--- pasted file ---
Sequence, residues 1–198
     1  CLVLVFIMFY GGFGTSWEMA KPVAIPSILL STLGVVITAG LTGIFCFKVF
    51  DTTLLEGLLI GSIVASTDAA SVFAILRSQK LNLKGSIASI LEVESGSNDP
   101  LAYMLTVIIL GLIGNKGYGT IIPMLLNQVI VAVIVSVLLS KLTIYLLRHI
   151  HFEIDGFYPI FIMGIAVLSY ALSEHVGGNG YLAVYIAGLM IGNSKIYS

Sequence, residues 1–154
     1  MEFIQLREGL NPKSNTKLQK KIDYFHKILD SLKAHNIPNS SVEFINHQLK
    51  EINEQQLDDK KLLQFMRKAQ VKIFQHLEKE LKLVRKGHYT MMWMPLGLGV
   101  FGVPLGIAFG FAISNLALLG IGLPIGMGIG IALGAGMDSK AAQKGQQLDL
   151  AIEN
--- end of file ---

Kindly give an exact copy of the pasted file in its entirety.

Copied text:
Sequence, residues 1–198
     1  CLVLVFIMFY GGFGTSWEMA KPVAIPSILL STLGVVITAG LTGIFCFKVF
    51  DTTLLEGLLI GSIVASTDAA SVFAILRSQK LNLKGSIASI LEVESGSNDP
   101  LAYMLTVIIL GLIGNKGYGT IIPMLLNQVI VAVIVSVLLS KLTIYLLRHI
   151  HFEIDGFYPI FIMGIAVLSY ALSEHVGGNG YLAVYIAGLM IGNSKIYS

Sequence, residues 1–154
     1  MEFIQLREGL NPKSNTKLQK KIDYFHKILD SLKAHNIPNS SVEFINHQLK
    51  EINEQQLDDK KLLQFMRKAQ VKIFQHLEKE LKLVRKGHYT MMWMPLGLGV
   101  FGVPLGIAFG FAISNLALLG IGLPIGMGIG IALGAGMDSK AAQKGQQLDL
   151  AIEN